Blog Post #6: Reflecting on Emerging Scholarship: Cecilia Marquez

Cecilia Marquez came to our class on Wednesday May 13th and gave a very interesting presentation about the digital humanities. Cecilia is a Ph.D. candidate in history at the University of Virginia. She spoke about DH in the study of history, particularly in an area known as DHPoco, that is, Postcolonial Digital Humanities.

Cecilia asked that the class read two articles before our meeting time: All the Digital Humanists Are White, All the Nerds Are Men, but Some of Us Are Brave and Postcolonial Digital Humanities Mission Statement.

Taken together these two articles provided a thorough overview of Postcolonial Digital Humanities and the importance for expanding digital scholarship beyond traditional boundaries. This area of scholarship attempts to do three main things: (1) define the postcolonial digital humanities, (2) locate ways postcolonial studies can and should shift in response to digital changes and challenges, and (3) write alternative genealogies of the digital humanities.

Because digital spaces remain susceptible to racial oppression and white supremacy, postcolonial digital humanities is needed to bring critiques of colonialism, imperialism, and globalization and their relationship to race, class, gender, sexuality and disability to bear on the digital humanities.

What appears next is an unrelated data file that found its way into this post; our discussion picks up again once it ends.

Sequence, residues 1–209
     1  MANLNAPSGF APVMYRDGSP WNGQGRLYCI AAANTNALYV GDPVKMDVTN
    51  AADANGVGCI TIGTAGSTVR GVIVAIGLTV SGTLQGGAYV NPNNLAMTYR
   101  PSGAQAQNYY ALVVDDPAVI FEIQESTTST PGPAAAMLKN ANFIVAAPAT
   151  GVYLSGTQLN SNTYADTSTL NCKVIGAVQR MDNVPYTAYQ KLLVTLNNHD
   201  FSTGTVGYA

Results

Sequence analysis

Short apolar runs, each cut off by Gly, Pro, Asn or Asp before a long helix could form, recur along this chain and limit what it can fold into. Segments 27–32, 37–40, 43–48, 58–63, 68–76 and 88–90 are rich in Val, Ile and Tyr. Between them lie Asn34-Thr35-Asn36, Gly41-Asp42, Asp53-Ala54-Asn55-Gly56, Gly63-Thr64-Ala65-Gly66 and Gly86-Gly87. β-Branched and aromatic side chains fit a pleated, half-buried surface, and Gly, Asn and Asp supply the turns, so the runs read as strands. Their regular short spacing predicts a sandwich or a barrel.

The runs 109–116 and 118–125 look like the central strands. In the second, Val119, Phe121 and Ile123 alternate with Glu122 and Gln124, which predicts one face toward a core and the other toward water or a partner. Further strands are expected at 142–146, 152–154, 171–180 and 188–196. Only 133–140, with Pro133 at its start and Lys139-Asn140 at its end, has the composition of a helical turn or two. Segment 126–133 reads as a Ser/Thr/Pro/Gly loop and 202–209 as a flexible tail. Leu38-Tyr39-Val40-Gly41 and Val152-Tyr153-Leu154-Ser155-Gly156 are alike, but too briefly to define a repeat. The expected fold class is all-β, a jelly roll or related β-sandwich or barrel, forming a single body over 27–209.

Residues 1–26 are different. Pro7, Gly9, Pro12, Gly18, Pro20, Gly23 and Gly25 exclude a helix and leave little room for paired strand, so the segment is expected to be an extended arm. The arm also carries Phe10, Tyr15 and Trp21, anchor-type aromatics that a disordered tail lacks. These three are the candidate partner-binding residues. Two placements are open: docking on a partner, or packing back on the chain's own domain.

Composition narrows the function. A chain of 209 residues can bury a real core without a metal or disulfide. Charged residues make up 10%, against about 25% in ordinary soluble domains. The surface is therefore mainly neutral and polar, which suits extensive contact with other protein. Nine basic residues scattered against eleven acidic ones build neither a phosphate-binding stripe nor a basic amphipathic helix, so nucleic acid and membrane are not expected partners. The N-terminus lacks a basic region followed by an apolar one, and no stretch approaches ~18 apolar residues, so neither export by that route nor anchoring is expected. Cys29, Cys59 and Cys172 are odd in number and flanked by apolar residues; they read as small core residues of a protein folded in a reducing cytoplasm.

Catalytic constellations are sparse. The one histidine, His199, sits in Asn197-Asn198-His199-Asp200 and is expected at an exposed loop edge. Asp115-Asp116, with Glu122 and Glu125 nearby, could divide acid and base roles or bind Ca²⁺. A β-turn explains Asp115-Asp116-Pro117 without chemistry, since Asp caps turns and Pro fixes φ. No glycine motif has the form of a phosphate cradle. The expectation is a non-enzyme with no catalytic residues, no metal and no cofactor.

In the second half of the class, Cecilia had us each present on a postcolonial digital project and answer the following questions:

  • What do you think is the goal of this site?
  • Is the site making an argument? If so, what is it? How is that argument communicated?
  • Think also here about what you talked about with Brandon and Sarah about design. What argument is the design of the site making? How does it shape your consumption of the site?
  • Who is the audience of the site?
  • What does the site do well? What could be improved?

This exercise in analyzing a website and a DH project was very helpful and was the most interesting part of the day because we were able to explore DH projects and think about incorporating certain aspects in our own project. The most important take away from the examples was that we decided we want to have a Collections tab and an Exhibits tab. The Collections tab will simply provide raw unedited access to the materials while the Exhibits tab will provide a curated and analytical approach to the material.

I really enjoyed Cecilia’s talk and think that we not only learned a lot of really cool information but also that we expanded our understanding of DH and learned of the possibilities for applying a Postcolonial Digital Humanities approach to our project.